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Emoji and Trademarks: the EU Board of Appeal delivers its opinion on the registrability of the “I Love You” sign.

Published in: Intellectual Property
by Margherita Manca
Home > Emoji and Trademarks: the EU Board of Appeal delivers its opinion on the registrability of the “I Love You” sign.

Recently the Board of Appeal of the European Union Intellectual Property Office (EUIPO) was asked to examine and resolve a litigation (R 2305/2022-2) concerning the registrability as a European Union trademark of an emoji. In this article:

The case: registering an emoji as a trademark

On December 16, 2021, a German company took an interesting step in the field of trademarks by filing an application for the registration of an emoji depicting the gesture “I love you”. The application had been filed for services in classes 36 (financial and real estate services) and 37 (services in the field of construction and cleaning).

The choice of such a universally renowned symbol raises intriguing trademark questions. The “I love you” gesture is a symbolic sign of love and acceptance that has transcended language barriers. However, its universality and widespread use could potentially hinder its registration, resulting in a dilemma that questions the intersection between common language and intellectual property.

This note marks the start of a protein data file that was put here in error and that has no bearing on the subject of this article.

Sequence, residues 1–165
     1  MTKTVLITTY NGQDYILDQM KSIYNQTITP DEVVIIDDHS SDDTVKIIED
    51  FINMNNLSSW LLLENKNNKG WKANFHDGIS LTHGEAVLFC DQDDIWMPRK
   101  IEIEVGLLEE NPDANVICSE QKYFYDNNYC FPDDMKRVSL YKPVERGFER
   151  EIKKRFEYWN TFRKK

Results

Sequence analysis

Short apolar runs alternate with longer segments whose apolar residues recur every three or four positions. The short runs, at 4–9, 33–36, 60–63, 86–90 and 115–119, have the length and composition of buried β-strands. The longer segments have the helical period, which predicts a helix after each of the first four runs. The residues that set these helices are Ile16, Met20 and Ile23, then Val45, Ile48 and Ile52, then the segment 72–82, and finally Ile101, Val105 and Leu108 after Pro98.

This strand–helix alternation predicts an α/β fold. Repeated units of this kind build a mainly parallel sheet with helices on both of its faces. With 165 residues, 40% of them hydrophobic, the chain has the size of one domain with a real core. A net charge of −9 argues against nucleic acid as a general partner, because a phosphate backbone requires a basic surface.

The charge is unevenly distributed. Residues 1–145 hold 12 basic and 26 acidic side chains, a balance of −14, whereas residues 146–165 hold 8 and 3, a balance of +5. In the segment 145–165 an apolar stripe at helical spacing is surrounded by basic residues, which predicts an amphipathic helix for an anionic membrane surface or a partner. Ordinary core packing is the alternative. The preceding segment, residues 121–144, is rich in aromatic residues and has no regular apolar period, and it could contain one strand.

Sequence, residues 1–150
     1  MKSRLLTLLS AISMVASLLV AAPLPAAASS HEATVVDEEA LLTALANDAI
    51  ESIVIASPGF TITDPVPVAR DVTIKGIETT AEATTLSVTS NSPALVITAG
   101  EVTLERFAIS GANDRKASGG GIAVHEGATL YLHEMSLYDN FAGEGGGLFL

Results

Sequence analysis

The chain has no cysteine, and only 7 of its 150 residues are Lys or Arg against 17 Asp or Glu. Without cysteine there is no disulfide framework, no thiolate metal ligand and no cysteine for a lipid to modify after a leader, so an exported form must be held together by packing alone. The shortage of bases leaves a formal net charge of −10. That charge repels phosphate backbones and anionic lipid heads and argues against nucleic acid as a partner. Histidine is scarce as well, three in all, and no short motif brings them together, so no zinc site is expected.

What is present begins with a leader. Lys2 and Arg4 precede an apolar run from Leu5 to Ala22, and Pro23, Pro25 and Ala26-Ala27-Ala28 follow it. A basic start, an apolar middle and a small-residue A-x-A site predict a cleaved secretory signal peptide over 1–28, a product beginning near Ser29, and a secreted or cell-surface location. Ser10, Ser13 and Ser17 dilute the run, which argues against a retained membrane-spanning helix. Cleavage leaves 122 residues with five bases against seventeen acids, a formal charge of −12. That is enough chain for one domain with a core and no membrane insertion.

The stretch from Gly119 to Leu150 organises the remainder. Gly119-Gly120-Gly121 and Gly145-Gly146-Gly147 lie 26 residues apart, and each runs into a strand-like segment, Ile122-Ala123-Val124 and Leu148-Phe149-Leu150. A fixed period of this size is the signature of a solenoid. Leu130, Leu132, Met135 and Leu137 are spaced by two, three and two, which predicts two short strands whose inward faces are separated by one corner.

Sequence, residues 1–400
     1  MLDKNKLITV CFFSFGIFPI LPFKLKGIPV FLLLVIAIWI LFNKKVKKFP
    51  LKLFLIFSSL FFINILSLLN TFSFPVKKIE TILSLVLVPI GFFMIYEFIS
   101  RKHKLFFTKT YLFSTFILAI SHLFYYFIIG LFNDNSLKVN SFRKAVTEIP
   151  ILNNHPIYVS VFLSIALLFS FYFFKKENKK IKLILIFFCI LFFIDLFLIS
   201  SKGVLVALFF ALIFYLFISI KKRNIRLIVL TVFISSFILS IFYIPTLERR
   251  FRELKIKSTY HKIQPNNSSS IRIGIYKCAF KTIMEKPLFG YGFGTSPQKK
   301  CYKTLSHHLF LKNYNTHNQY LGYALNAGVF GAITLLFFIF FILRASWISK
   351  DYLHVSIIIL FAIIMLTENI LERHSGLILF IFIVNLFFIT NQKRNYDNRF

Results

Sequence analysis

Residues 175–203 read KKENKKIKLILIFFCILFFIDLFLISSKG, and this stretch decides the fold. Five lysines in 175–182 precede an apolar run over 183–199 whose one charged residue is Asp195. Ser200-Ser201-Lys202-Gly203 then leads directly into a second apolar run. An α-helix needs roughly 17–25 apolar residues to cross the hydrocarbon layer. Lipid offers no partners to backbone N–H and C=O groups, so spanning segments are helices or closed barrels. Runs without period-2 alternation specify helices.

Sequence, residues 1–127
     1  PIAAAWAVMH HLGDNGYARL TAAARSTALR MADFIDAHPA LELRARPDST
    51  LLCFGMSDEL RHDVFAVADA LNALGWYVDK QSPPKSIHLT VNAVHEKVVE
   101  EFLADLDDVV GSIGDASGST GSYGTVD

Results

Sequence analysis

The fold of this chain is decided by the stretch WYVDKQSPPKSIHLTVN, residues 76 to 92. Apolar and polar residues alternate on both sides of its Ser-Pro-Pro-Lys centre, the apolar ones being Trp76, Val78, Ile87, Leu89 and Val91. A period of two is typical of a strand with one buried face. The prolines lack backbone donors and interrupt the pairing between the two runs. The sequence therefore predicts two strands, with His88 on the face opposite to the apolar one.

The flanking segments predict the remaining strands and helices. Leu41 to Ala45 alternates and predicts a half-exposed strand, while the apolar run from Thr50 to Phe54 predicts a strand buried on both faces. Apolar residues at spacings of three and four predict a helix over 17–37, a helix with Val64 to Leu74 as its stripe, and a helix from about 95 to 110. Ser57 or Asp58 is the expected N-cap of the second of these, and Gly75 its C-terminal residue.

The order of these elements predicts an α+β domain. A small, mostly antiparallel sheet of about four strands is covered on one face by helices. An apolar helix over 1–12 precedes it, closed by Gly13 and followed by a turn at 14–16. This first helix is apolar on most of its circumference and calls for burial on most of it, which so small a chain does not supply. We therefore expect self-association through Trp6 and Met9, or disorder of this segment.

This issue has the European Union Intellectual Property Office (EUIPO) Board of Appeal facing a complex decision. The application not only affects the applicant company but also reflects a growing trend in the trademark world, let’s see why.

The initial rejection: the problem of emoji distinctiveness

The German company’s audacious attempt to register an emoji as a trademark met with immediate opposition from the EUIPO examiner. Why? The lack of distinctiveness of the sign at issue, as stipulated in Article 7(1)(b) of European Union Regulation No. 2017/1001 (EURMR). This was no small obstacle that shattered the company’s initial ambitions.

The examiner had no doubt: the emoji depicting the “I love you” gesture in the United States Sign Language (ASL), while a realistic and universally recognized illustration, lacked the distinctiveness necessary to be considered eligible for registration. The decision anchored to established case law that pictograms, emoticons and smilies, commonly used to express positive emotions, cannot be considered distinctive of specific goods or services.

The examiner’s approach led the applicant company to appeal, seeking the annulment of a decision that could have repercussions far beyond the individual case. Let’s see what the applicant’s arguments were to counter the rejection.

Can an emoji be chosen as a trademark in the EU?

Opposed to the examiner’s interpretation, the applicant’s opinion was quick to be expressed, challenging the initial refusal with thoughtful arguments. In the German company’s view, the disputed sign was not without merit: it possessed distinctiveness, albeit minimal, which should have been sufficient to overcome the ground for refusal under Article 7(1)(b) of the EUMR.

The applicant did not stop there, questioning the very classification of the sign as a pictogram or emoticon. It pointed out that the unique combination of shapes and proportions, coupled with the universally recognized meaning, made the emoji at issue a separate entity, quite distinct from the generic pictograms or smilies of everyday communication.